Complaints about certified financial planners are on the rise, particularly those made by the public.
Last year, the FP Canada Standards Council received 89 complaints, as detailed in its 2018 annual report released Friday. The number of complaints represents a 17% year-over-year increase from 2017, when there were 76 complaints.
Most of 2018’s complaints were initiated by the council (49 complaints, or 55%), with the top complaint allegation being forgery/falsification (27% of these complaints). The previous year, 47 complaints, or 62%, were initiated by the council.
The public made 21 complaints last year—a 31% year-over-year increase from 2017 when there were 16 such complaints. The top complaint allegation from the public was client service failure (26%).
FP Canada attributes the increase in complaints to greater awareness. “In recent years, the Standards Council has taken steps to raise awareness of the process for submitting a concern about the actions of an FP Canada certificant,” FP Canada said in a release.
Other top complaint categories associated with allegations initiated by both the council and the public included integrity, financial planning advice and suitability.
The report said the council saw an increase in public- and council-initiated complaints about “prudent and appropriate investment recommendations and prudent investment strategies being recommended by FP Canada certificants as part of their financial planning advice.”
Of the 89 complaints, 25 were classified as a presumptive bar to continued certification, which, the report said, “may come to the attention of FP Canada as a result of a self-declaration by an FP Canada certificant (in accordance with the professional obligations to report) or as a staff member proactively identifying a triggering circumstance. FP Canada proactively monitors a number of regulatory feeds.”
Of note, a higher percentage of complaints last year involved certificants who had been certified more than 15 years (52% of complaints in 2018 versus 42% in 2017). However, the report says the percentage was proportionate to the ratio of those who have been certified for that length of time.
The complaints process
Complaints are subject to an initial assessment to determine if the allegations, if shown to be true, demonstrate a potential violation of the FP Canada Standards Council Standards of Professional Responsibility, the release said. Of the 89 complaints received in 2018, 43 were referred to a conduct review panel—an increase of five complaints compared to the previous year.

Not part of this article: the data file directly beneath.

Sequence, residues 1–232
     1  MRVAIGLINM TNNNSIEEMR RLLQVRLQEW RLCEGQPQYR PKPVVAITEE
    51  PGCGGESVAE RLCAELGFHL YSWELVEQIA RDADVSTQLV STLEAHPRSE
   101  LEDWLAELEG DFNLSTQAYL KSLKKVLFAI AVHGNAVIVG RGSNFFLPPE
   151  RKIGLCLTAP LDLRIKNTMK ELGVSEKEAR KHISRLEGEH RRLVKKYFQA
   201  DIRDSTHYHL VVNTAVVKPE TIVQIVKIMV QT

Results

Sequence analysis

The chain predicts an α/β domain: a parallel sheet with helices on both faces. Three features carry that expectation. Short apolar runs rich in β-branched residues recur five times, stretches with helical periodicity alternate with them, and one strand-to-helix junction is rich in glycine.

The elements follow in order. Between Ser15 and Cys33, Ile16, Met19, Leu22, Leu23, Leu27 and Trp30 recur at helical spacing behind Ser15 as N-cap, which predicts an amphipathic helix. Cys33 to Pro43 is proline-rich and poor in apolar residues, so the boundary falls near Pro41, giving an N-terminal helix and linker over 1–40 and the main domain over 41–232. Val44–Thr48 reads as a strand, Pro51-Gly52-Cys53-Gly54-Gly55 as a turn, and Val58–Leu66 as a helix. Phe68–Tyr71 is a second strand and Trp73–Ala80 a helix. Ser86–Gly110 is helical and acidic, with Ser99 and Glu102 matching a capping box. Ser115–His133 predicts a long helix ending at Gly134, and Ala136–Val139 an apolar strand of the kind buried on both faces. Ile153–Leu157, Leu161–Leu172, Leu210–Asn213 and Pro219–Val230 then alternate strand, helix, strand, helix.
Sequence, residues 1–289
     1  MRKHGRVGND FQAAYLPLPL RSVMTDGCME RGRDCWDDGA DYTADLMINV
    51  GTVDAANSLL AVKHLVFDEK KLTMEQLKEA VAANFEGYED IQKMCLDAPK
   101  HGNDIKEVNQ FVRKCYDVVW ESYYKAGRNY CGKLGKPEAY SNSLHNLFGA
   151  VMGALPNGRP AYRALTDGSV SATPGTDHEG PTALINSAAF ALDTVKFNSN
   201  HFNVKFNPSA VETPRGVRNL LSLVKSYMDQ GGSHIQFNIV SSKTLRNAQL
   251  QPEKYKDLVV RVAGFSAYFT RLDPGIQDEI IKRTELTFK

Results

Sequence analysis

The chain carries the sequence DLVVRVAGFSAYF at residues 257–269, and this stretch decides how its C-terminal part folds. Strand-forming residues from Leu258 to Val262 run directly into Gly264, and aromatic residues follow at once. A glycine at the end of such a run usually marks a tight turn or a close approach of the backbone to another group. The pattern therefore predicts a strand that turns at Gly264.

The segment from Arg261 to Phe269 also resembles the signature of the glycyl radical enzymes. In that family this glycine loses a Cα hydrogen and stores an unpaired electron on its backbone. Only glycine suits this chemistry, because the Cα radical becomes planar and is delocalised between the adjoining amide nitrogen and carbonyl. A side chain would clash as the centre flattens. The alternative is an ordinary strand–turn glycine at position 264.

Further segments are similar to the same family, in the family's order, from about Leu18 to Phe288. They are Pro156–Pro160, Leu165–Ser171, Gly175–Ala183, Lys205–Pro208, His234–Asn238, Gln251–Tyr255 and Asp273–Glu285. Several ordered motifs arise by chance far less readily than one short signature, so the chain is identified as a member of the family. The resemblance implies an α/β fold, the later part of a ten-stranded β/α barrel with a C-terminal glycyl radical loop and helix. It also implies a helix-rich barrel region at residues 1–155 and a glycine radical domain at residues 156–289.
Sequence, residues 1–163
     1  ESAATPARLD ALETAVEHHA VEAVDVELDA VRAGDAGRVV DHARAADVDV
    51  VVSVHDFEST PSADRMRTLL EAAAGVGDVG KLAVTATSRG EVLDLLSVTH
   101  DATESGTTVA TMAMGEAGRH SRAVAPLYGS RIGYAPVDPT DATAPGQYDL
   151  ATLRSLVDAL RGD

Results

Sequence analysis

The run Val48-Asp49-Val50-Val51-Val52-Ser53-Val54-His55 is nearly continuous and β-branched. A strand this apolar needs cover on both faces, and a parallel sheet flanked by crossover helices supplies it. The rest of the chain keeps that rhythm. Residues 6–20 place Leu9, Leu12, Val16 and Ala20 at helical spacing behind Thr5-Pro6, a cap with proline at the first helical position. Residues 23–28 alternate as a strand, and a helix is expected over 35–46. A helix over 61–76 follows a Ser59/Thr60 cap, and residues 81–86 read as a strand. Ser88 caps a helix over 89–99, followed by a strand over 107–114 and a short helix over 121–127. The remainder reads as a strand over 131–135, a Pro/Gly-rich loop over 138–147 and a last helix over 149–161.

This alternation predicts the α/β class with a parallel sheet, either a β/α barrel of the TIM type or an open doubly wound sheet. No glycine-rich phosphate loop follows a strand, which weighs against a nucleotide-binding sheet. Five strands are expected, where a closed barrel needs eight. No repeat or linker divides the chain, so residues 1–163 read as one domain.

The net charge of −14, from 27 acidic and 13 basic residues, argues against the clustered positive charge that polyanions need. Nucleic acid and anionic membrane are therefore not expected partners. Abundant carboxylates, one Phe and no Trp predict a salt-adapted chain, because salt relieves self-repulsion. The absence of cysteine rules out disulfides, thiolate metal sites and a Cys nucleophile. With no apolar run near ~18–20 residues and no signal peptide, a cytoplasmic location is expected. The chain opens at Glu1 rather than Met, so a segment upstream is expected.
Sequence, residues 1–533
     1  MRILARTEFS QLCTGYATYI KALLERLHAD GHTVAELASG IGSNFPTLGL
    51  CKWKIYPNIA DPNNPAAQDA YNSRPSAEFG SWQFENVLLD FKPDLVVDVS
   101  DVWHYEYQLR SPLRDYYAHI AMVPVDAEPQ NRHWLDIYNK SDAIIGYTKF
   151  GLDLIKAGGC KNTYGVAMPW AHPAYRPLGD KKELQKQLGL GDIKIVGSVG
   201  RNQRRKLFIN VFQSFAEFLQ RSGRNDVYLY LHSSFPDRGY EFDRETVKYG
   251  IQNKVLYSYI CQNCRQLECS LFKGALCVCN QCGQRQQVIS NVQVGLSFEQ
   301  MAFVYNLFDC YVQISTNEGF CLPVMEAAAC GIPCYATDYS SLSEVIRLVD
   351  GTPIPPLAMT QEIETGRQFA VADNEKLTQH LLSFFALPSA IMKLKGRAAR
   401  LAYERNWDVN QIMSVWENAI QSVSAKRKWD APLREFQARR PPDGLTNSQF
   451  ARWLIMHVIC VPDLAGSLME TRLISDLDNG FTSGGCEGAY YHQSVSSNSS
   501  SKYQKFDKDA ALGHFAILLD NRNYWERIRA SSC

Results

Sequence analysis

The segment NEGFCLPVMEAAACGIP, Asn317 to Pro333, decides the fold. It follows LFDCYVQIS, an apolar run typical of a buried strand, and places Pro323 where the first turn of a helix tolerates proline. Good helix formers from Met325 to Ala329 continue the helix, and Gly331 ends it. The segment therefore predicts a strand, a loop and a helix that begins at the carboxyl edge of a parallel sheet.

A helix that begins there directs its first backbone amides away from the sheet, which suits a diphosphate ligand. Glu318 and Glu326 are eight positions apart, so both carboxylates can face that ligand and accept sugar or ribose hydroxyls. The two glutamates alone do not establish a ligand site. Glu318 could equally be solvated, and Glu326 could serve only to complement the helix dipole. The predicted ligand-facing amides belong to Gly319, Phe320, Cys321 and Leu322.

Conduct review panels are independent and consist of CFP professionals and members of the public, the report said.
Where the conduct review panel determines a possible breach of the standards exists, it may refer the complaint to a disciplinary hearing panel.
In 2018, seven complaints were referred to a hearing panel (compared to 14 in 2017) and 13 disciplinary hearings were held. Disciplinary hearing panels issued suspensions in 50% of the decided matters, and 17% resulted in an individual being banned from seeking renewal or reinstatement of their certification.
Where the conduct review panel determines a remedial approach is appropriate, it may issue a letter of guidance and advice to the certificant, the release said. Last year, letter topics included conflicts of interest, failure to perform due diligence, and inaccurate and misleading product recommendations or advice, the release said.
All disciplinary decisions are published on FP Canada’s website, as are letters of guidance and advice, anonymously.
For full details, including the top Canadian employers of CFP professionals, read the FP Canada Standards Council 2018 annual report.